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  • Ghosts of Hallelujah
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Ghosts of Hallelujah Original recording reissued


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Audio CD, Original recording reissued, October 31, 2000
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Biography

Whether you think The Gourds non-sequitur loving n'ere-do-wells or post-modern lyrical geniuses, their mandala-like musical vignettes and gulps of down-home authenticity can not be denied. Musical lifers and road dogs to the end, Kevin 'Shinyribs' Russell, Jimmy Smith, Max Johnston, Keith Langford and Claude Bernard remain at once roots music's envelope pushers and its torch ... Read more in Amazon's Gourds Store

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Ghosts of Hallelujah + Dem's Good Beeble + Bolsa De Agua
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Product Details

  • Audio CD (October 31, 2000)
  • Original Release Date: 1999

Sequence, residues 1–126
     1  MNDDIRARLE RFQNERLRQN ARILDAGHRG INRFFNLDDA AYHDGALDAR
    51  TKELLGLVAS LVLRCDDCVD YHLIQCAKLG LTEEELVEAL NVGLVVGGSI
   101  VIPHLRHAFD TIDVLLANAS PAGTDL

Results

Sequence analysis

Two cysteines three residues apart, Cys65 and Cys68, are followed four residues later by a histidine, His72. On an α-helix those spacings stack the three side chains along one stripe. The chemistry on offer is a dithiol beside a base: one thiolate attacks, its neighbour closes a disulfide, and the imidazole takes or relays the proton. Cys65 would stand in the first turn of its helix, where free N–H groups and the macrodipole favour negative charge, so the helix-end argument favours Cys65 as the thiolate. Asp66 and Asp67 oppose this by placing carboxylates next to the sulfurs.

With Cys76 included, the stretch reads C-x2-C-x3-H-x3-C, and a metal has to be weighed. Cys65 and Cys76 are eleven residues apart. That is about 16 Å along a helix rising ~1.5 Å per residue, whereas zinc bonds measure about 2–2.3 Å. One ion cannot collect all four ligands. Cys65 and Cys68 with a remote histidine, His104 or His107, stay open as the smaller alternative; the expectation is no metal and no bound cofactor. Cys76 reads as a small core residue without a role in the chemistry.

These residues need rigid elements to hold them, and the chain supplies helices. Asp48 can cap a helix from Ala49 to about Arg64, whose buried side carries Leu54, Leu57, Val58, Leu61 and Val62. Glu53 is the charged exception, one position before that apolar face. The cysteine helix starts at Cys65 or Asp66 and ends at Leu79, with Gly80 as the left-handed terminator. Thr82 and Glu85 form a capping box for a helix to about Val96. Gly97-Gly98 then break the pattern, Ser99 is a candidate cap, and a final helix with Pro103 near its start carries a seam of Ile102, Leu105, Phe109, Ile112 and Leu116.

• Number of Discs: 1
  • Format: Original recording reissued
  • Label: Sugarhill
  • ASIN: B00004Z3V2
  • Average Customer Review: 4.5 out of 5 stars  See all reviews (13 customer reviews)
  • Amazon Best Sellers Rank: #300,611 in Music (See Top 100 in Music)

1. Up On High
2. Ghosts Of Hallelujah
3. Gangsta Lean
4. County Orange
5. Ladies Choice
6. January 6
7. Pair Of Goats
8. Fine Leather Truck
9. Bean Bowl
10. My Time, Yer Time
11. Son Of Burn
12. The Flat Baritone
13. (The New Way Of) Grievin' & Smokin'
14. Rugged Roses
15. Lowlands

Editorial Reviews

Customer Reviews

4.5 out of 5 stars
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Most Helpful Customer Reviews

4 of 4 people found the following review helpful By T. OConnor on April 12, 2000
Format: Audio CD
The Gourds have always been very very quirky (to use the term "real" critics like to use). What else can you call a country band that on occasion covers Snoop Doggy Dogg? Their previous albums have been examples in how odd lyrics and somewhat disturbingly sparse arrangments (usually built around accordian/mandolin/guitar) can work to make powerfully beautiful music.
This album departs from that form, albeit barely in that the music surrounding the lyrics (that will make you smile or shake your head, depending on your inclination) is a tad more mainstream alt-country.
Perhaps that is due to their growing fan base within the music community and getting people like Max Johnston to play with them. In any case, I kind of miss the stripped down sound of their album "dem's good beeble" or the flat-out weirdness on "Stadium Blitzer".